Ozy Media, the digital media company at the center of a firestorm over its business practices, announced that it is shutting down on Friday.
Ozy came under fire earlier this week after The New York Times published an article revealing how a top executive at the media firm had attempted to impersonate a YouTube executive on a conference call with bankers at Goldman Sachs, which had been weighing a $40 million investment in Ozy. The Times also raised doubts about Ozy’s claims about its web traffic, views of its YouTube videos, and its number of newsletter subscribers.
Following the Times’ story, more unflattering news articles were published about Ozy’s allegedly toxic workplace environment and false claims about a video production deal with YouTube. This week has seen some of the company’s high-profile talents, like former BBC journalist Katty Kay, resign from Ozy as a result of the revelations. On Thursday, the company’s chairman, hedge fund billionaire Marc Lasry, stepped down from Ozy’s board.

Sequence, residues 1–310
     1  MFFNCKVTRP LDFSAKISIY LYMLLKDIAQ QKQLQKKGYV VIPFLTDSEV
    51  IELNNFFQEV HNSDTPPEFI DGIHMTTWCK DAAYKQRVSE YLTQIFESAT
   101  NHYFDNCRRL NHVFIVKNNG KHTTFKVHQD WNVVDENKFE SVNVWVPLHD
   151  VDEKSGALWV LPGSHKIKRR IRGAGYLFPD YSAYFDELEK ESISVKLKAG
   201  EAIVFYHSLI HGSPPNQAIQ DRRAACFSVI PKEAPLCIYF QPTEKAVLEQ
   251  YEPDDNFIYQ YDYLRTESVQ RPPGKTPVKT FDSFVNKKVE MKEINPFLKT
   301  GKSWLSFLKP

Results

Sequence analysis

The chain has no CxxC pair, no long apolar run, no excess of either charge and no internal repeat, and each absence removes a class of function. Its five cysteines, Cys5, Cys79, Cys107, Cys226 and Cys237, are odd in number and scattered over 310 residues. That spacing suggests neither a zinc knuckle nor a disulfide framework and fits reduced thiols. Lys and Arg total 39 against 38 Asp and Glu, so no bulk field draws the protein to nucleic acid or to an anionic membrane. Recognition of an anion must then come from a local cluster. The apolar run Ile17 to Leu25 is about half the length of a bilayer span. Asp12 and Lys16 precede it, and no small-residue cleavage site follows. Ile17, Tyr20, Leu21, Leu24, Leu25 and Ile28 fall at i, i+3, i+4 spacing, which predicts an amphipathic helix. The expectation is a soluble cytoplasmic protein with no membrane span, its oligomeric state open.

On Friday, Ozy’s board put out a statement confirming that the media firm would permanently cease operations.
“At Ozy, we have been blessed with a remarkable team of dedicated staff,” its board said in a statement. “Many of them are world-class journalists and experienced professionals to whom we owe tremendous gratitude and who are wonderful colleagues. It is therefore with the heaviest of hearts that we must announce today that we are closing Ozy’s doors.”
The media firm’s investors included Laurene Powell Jobs, Germany publisher Axel Springer, former Google executive David Drummond, and Lasry. As of April 2020, the company had raised more than $83 million in funding at a valuation of at least $159 million, according to PitchBook.
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